After I had handed in the seventh and final chapter of my Barcodes book, Manning is now also making this available on the Manning Early Access Program (MEAP). This makes the complete book content available for readers who prepurchased a copy.
I extracted all E-Mail addresses from my archive, dating back almost 6 years. From the resulting 7303 I filtered all that didn’t seem to address individual people. That left 5466.
For a while I considered sending an email to all of these via Mailchimp. I even wrote the letter below, in English because I figured that most people would understand that. But then I decided against sending a mass e-mail, fearing that it would cause me more trouble than positive outcomes.
Instead I’m posting it on my blogs. Much less of a nuisance …
Over the last 8 months I worked almost exclusively on my book on Barcodes with iOS 7. That meant that during this time I could not take on any new projects. That has changed now, that my book is feature complete. There are some edits remaining to be made, as well as adding info on enhancements coming in iOS 8.
But as I need to earn a living I am now back on the market for taking on project work. I am acting Developer Evangelist for our Product Layer startup and am now looking for contract work to fill the income gap. I’ve summarized my skills and interests for your reference.
My publisher Manning is highlighting 3 of their iOS titles on April 11, all three are the “Deal of the Day” meaning that you get 50% off with promo code “dotd041114au” if you purchase them on this day.
For the past four months I have been working almost exclusively on my Book Barcodes and iOS 7, which is why there have been only very few tutorial blog posts on Cocoanetics.com. Now the first fruits of my labor of love are yours for the picking.
My publisher Manning has started the MEAP pre-order program for the book. This MEAP program gives you – of course – the final book when it is finished, but you can also read the chapters in their raw unedited state as I finish them.
Even better, you can read the first chapter for FREE, no purchase necessary. This chapter gives you a solid overview over the barcode types that iOS 7 can scan, explains their differences and shows where they are used.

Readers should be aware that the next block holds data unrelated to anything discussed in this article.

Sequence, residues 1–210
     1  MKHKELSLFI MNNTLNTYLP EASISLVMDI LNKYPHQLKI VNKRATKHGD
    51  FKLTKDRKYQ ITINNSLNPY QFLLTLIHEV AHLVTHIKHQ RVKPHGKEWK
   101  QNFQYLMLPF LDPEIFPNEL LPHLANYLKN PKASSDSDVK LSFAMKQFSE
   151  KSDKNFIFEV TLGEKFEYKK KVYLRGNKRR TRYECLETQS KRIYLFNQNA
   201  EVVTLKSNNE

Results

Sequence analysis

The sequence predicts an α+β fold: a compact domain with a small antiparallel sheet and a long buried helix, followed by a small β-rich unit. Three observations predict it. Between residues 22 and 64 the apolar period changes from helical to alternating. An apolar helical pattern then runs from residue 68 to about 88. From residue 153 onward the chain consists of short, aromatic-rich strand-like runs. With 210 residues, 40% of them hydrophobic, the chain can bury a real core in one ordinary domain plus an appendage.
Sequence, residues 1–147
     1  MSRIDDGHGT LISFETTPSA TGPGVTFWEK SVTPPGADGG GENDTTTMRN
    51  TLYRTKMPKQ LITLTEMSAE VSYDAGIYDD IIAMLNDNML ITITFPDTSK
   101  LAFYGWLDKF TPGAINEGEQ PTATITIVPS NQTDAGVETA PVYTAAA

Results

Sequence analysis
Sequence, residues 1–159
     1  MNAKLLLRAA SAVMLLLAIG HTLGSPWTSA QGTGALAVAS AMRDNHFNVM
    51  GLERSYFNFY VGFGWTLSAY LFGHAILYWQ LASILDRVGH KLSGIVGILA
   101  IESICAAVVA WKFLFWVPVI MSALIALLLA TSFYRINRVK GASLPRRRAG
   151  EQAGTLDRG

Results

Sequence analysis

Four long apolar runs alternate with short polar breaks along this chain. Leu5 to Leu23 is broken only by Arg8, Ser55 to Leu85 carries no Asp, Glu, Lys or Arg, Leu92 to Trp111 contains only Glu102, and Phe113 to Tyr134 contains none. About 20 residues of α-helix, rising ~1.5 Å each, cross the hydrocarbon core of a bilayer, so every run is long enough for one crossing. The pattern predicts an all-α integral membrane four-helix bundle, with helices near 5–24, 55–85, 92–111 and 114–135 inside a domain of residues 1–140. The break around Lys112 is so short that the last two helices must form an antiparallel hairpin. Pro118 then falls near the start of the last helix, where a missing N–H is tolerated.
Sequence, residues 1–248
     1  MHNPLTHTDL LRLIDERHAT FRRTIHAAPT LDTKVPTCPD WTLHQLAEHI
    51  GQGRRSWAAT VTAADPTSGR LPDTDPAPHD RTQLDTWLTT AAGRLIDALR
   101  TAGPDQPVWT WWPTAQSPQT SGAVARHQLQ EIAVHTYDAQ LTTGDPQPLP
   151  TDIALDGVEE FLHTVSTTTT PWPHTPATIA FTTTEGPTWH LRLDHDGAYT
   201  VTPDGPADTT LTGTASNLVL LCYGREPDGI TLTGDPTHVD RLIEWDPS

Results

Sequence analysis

We use Google Analytics in some of our apps, but lately some people have grown dissatisfied with it. In particular non-technical people find it confusing how data is being presented. We iOS engineers had to wait for a long time for Google to finally add arm64 support.
So I asked on Twitter for recommendations.
One fine day, late summer 2013, I noticed that Apple had added a ton of new functionality to iOS, in particular related to barcodes. This set a train of thought in motion, the fruits of which are just now beginning to show.
Monday afternoon, in the Cocoanetics offices. Colleague René is discussing with us an approach how to centralize some code without inheritance and is drawing on the whiteboard. Suddenly my iPhone begins to vibrate.
My first thought was that this must be the silent ringing when there is an incoming voice call. It didn’t stop even though we tried to ignore it for a few seconds. Then I glanced at the phone and noticed that I was getting a flash flood of push notifications from Tweetbot.
Update: JustUnfollow posted an interview with me.
Drobnik KG, Austria and Peer Assembly Ltd., Ireland – We are announcing that effective today Peer Assembly has acquired the Linguan Mac app.
Linguan is a Mac-based tool for comfortably editing localization strings in iOS and Mac apps. It is used and loved by more than 10,000 users. Linguan also verifies that when new languages or features are added to localized apps that there are no translations missing.
Linguan was developed and marketed by Drobnik KG in partnership with Byte Poets GmbH, also based in Austria. Both companies had too much else on their plate to be able to put the amount of time into Linguan that it deserved. Therefore the decision was made to search for a buyer.
The safety of airplanes travelling is generally overseen by two major agencies: the Federal Aviation Administration (FAA) and the European Aviation Safety Agency (EASA). The country where airplanes are registered – the so-called “tail number” – decides which of these administrations’ rules you need to follow. There are many more, almost each state has their own, but these are the ones that everybody is copying the rules from.
The FAA being the oldest such agency announced on October 31, 2013 that they are going to relax the rules on the use of personal electronic devices. So it came as no surprise that the EASA essentially copied the recommendation and published their own press release on November 13, 2013.